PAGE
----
I had just enough time to wrap it up in tissue paper, feel inadequate as a knitter and an aunt, flirt with the idea of stopping at the bookstore to buy her a "real" present with some "educational value," stifle my feelings of inadequacy and guilt with some difficulty, overcompensate by adding more ribbons to the gift bag, and speed off to Eastham.

Before I left, I asked my boycat Satchel to model it for me.

knits 002

OK so no fancy pockets and flowers like in the original pattern. I told myself it wasn't because I was lazy or god forbid pressed for time, but because I was going for a more simple look. Because I can already sense that my niece is a straightforward, earthy, zen kind of chick. Almost Shaker-like in her simplicity.

Yes, my neice is an Eileen Fisher kind of toddler, in a world of ersatz Versace babies.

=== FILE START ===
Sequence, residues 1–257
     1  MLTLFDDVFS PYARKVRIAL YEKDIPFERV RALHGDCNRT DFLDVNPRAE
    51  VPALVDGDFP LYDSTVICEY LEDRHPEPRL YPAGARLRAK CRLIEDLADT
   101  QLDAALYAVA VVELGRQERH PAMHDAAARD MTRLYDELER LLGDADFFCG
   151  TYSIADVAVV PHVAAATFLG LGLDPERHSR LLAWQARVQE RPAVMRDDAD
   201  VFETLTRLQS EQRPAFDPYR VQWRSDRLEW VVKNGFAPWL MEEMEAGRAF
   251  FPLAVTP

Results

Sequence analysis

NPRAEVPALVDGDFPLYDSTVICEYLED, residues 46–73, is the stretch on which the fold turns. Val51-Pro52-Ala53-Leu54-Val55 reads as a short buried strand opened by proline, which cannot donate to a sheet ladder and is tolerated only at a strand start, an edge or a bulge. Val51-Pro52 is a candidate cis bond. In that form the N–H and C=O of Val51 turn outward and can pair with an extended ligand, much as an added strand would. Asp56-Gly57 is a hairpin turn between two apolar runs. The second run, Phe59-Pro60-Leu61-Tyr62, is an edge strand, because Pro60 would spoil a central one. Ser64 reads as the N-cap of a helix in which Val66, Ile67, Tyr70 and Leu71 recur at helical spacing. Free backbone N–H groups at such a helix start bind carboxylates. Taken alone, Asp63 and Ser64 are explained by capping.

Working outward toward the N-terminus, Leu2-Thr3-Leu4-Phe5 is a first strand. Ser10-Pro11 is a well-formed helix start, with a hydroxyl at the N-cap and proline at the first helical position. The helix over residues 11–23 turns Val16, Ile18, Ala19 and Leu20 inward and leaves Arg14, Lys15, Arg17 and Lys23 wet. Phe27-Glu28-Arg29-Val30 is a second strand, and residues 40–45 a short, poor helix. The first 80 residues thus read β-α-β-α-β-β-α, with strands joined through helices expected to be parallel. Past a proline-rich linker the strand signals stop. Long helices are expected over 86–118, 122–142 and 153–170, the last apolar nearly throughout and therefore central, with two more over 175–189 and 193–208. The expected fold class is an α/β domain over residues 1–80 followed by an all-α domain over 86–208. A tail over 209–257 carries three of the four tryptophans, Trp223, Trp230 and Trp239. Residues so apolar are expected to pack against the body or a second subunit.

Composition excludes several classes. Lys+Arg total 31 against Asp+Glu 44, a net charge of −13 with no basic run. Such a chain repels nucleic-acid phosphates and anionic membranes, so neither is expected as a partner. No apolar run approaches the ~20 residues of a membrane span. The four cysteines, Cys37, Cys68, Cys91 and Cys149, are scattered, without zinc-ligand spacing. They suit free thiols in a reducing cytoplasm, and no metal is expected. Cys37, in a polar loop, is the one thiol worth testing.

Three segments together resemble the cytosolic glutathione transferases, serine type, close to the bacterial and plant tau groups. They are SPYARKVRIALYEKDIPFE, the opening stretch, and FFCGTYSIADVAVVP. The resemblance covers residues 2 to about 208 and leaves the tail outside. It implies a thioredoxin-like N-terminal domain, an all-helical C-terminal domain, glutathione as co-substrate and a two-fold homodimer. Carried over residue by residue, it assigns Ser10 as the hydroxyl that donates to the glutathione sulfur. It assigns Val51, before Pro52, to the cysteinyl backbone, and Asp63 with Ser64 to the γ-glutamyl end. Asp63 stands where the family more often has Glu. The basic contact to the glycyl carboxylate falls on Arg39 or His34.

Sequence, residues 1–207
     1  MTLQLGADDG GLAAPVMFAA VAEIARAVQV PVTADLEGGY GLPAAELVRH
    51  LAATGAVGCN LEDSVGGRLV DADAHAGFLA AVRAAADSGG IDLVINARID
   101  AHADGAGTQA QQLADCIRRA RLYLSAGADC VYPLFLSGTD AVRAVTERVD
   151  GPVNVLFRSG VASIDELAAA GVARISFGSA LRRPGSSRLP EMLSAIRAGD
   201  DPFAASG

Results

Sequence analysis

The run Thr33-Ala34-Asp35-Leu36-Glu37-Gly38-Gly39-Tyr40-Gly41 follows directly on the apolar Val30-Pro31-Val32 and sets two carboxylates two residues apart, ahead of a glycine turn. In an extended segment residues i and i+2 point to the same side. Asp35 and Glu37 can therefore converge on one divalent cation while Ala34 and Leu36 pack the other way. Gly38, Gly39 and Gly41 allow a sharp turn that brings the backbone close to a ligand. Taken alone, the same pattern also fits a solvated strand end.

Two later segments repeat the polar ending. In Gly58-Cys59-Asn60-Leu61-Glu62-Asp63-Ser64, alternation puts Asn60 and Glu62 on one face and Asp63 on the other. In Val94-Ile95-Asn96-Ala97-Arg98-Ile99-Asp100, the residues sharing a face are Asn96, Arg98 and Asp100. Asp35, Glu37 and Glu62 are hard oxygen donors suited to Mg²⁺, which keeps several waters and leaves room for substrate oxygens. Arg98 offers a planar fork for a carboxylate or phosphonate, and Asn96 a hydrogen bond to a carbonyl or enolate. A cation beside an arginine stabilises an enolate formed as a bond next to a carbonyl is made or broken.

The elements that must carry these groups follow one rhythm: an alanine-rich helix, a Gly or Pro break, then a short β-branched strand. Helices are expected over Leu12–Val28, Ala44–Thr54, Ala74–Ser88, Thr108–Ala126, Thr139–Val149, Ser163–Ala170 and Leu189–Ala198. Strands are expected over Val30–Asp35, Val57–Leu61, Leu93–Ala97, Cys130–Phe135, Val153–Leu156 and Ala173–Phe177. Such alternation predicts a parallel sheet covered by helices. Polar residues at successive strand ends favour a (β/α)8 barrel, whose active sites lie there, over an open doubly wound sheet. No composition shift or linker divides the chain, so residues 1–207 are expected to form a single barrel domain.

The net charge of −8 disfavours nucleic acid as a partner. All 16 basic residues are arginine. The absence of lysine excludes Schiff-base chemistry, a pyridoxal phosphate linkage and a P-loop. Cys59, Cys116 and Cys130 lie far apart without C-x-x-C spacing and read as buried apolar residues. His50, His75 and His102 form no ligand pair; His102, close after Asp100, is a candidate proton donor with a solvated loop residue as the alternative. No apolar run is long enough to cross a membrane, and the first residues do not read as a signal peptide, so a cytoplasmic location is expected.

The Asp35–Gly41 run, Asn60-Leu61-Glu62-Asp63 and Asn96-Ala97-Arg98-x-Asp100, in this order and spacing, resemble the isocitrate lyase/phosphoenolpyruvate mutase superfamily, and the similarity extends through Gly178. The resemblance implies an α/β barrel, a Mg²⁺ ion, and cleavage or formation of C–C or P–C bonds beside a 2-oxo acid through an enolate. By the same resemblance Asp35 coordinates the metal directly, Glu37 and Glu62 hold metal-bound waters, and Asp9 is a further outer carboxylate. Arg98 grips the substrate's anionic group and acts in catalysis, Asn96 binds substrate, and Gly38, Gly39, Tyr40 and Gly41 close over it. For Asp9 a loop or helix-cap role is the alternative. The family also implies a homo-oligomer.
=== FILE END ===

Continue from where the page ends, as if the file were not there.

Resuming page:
So I was maybe one mile from the birthday party when my phone rang. I was maybe a little lost, trying AGAIN to figure out that back way to Eastham without taking the wrong turn and ending up in a non-negotiable left-hand turn situation that causeth me to smite mine forehead.

I had taken that wrong turn AGAIN and was just turning around in somebody's second home driveway (nice landscaping!) when I got the call. Since I was already mostly stopped, I just parked it and got the story and listened to Henry chirp and burble and cried a little and this is where I was sitting and what it looked like when I heard you were born, Henry:


And then I went to my niece's party, where she was very happy to hear about Henry, too.

knits 003

And now you know why today is baby day!

12 January 2007

Couch it up, Couchy McCoucherton

A three-day weekend and not a moment too soon. I'm a little cross-eyed from all the running around and doing eleventy-five things at once, so I am hermiting it hard tonight.